by Byron Connolly

Businesses back off social media

May 21, 20153 mins
Technology Industry

The number of large organisations in Australia with a social media presence has dropped by 21 per cent year-on-year with most unlikely to have a strategy around social platforms or measure their return on investment.

This was a key finding of a new Sensis survey of 1,100 businesses and 800 consumers. Only 56 per cent of large businesses surveyed had a social media presence this year compared to 77 per cent last year.

In contrast, the number of small and medium businesses with a social media presence also dropped from 37 per cent to 31 per cent over the same period. Only 29 per cent of large businesses are measuring return on investment from social media programs.

Sensis’ GM of digital, Evan Ravensdale, told CIO that as social media becomes more fragmented, it takes much more effort and investment for large companies to engagement their target audiences.

“We’re seeing from the businesses we work with, that you now have to pay to get the reach you once achieved organically. So as businesses invest more, they are more focussed on the question of return on investment.

“Before any business embarks on social, they need to have clear and realistic objectives of what they can achieve. They also need to be prepared to invest for the long haul and realise that social can be a powerful tool to build brand loyalty over time,” he said.

He added that the biggest risk of not being social for large businesses is that they are not active participants in the conversation that is happening online about their organisations.

Ratings and reviews on social channels should be a focus for businesses that want to retain customers, he said. In fact, 62 per cent of customers are open to changing their opinion of a business if it responds to feedback on social media, and twice as many consumers (68 per cent) are engaged with social media than businesses (33 per cent).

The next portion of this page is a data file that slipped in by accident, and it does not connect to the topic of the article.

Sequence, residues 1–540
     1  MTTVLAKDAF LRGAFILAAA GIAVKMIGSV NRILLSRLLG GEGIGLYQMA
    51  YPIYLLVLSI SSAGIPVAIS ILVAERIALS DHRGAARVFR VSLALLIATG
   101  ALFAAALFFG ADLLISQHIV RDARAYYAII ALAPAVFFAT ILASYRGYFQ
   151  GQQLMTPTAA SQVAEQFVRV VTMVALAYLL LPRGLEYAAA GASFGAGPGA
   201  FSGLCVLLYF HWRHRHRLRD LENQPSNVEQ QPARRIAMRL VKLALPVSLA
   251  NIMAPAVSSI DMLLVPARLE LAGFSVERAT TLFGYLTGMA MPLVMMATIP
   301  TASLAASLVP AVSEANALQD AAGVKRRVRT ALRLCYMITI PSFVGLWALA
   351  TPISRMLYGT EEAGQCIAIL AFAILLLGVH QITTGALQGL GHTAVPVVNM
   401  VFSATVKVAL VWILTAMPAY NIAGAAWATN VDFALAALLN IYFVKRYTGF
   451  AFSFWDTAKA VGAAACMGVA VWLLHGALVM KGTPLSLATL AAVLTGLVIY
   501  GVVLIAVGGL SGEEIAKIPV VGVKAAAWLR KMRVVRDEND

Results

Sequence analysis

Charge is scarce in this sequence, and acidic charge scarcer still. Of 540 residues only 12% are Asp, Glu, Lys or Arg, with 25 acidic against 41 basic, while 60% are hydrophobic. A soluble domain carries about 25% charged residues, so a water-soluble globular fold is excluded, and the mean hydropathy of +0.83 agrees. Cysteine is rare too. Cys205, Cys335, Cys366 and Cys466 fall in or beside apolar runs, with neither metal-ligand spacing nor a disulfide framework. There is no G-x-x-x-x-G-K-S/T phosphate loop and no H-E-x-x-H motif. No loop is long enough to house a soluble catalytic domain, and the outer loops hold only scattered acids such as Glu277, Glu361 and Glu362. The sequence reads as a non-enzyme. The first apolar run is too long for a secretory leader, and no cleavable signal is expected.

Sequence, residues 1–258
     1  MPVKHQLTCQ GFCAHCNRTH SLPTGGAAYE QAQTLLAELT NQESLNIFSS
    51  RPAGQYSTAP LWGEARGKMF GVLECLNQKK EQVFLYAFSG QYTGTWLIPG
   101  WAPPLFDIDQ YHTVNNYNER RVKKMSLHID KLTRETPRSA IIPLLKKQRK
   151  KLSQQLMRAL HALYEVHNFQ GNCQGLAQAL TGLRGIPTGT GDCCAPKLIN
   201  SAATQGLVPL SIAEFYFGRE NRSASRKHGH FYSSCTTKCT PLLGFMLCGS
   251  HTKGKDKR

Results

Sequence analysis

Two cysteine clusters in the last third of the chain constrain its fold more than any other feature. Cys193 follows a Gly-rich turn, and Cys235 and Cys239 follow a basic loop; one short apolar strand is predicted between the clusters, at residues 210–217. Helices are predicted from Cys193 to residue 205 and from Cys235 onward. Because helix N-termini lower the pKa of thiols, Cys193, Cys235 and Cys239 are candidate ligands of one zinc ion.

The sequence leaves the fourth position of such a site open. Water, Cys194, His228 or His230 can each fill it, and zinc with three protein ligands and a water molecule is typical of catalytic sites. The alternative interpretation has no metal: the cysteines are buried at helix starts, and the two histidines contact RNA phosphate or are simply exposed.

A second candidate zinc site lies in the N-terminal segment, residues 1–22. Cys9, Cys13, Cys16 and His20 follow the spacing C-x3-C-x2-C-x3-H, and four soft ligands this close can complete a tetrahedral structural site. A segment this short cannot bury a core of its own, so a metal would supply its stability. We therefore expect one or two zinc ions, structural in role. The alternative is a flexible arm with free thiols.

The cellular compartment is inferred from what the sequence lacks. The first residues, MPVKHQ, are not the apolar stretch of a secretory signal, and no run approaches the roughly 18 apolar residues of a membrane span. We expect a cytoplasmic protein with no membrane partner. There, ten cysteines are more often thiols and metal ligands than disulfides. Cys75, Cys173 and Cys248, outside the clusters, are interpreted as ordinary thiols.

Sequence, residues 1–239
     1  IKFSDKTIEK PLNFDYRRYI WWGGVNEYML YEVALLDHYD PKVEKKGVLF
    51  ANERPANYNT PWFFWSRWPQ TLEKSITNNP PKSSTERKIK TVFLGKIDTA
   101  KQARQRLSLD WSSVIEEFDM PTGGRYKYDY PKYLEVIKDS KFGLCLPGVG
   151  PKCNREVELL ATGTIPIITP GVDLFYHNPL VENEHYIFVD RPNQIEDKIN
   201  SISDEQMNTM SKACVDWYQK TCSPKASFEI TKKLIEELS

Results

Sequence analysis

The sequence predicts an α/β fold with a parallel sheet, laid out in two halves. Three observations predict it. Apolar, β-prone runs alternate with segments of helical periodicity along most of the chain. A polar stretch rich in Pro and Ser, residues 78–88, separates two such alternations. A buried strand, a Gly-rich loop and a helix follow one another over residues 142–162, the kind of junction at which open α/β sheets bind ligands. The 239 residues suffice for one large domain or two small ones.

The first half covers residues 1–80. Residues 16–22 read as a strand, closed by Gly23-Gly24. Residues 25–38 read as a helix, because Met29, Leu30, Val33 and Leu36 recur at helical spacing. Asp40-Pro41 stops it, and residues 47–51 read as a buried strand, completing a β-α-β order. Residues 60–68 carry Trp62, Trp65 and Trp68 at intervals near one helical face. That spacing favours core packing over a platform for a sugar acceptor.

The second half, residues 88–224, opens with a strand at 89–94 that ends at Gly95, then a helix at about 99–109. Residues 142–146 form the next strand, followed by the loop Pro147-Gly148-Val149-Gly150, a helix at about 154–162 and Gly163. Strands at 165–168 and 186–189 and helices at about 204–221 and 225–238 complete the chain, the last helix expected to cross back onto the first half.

“Looking longer term, you could be losing your competitive advantage [if you don’t engage],” he said.

“Where once brand awareness was mostly driven by advertising on TV and radio, as people have moved online in ever larger numbers, businesses need to ensure that they are visible and active where their customers are.”

They should invest in channels that are a match between their business and customer type, he said.

“While Facebook still dominates with 93 per cent of users, the landscape has significantly changed. Businesses want to be talking to the right people at the right times and measuring what impact their marketing spend is having.

“In an environment where fresh content is a key driver for impressions, the statistics in the report on consumers’ viewing habits (45 per cent when waking up and 41 per cent before bed) don’t fit with a strategy that employs a social media manager from nine to five,” he said.

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